Dangerous Humanitarian Situation in Iraq

  • 6 April 2008

It is an established fact that the humanitarian situation in Iraq has been bad in the wake of security challenges facing the country since 2003.  However, recent UN figures have raised fresh alarm by shifting its focus from the refugee issue, which it has been concerned about for quite some time, and focusing on the worsening issues related to healthcare and malnourishment that affects millions of Iraqis at present.

The United Nations High Commissioner for Refugees (UNHCR) raised the alarm last Tuesday by observing that the problem of mass displacement of Iraqis was showing no signs of abatement, as three million Iraqis have already been displaced internally, and over two million more having emigrated abroad since 2003. The second warning was issued two days ago by Sir John Holmes, Under-Secretary General for Humanitarian Affairs and Emergency Relief Coordinator, who said that about four million Iraqis were undernourished. In addition, he disclosed that about 40% of Iraqi citizens had no access to clean drinking, whereas a third of Iraqi citizenry was deprived of proper medical care.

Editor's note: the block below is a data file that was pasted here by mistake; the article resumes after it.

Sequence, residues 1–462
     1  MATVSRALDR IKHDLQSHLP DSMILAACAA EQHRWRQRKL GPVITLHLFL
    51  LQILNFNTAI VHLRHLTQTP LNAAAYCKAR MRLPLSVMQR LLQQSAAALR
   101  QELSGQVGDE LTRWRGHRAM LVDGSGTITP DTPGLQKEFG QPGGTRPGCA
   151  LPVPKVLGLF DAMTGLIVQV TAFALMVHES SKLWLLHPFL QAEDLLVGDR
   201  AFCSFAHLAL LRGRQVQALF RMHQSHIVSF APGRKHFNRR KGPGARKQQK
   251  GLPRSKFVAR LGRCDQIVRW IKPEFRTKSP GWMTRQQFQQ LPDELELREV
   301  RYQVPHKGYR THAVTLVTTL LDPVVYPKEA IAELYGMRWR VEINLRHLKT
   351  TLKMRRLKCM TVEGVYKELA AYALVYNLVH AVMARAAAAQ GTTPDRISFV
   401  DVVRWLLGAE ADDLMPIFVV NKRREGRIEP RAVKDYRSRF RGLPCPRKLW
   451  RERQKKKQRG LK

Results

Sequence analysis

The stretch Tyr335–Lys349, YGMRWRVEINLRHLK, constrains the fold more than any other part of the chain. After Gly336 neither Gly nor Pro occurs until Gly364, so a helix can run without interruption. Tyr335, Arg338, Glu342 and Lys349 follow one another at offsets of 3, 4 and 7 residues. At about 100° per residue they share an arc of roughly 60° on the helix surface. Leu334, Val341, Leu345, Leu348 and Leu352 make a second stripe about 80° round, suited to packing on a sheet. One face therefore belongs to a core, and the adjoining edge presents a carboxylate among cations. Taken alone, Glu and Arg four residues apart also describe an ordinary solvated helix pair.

These alarming figures point to the worsening humanitarian crisis in Iraq, primarily because of security disruptions that have hampered the rebuilding process and has denied government establishments from carrying out their functions properly. In addition, these humanitarian crises have been exacerbated by  political differences that are delaying the passage of necessary legislation that are important for properly addressing these issues. Therefore, the political and economic machinery remains paralyzed, which is itself a result of sectarian and ethnic tensions.

The nature of the humanitarian problems facing Iraq is different from humanitarian problems facing other countries around the world. This problem is not due to a paucity in resources because the country is oil-rich and has enormous energy reserves. The main reason holding the country back relates to political and security issues that prevent it from exploiting its resources in the interest of Iraqi people, be it in the form of direct targeting of petroleum pipelines and oil facilities or bottlenecks caused by differences over the distribution of oil wealth and its exploitation by different regions of Iraq, especially in the north and south of the country.

Without understating the importance of international aid in confronting this dangerous humanitarian crisis in Iraq, the solution to the problem lies in the realization of a national agreement that resolves political differences, settles security issues and manages the exploitation of the national wealth by making it the property of all Iraqis, and not of any particular region.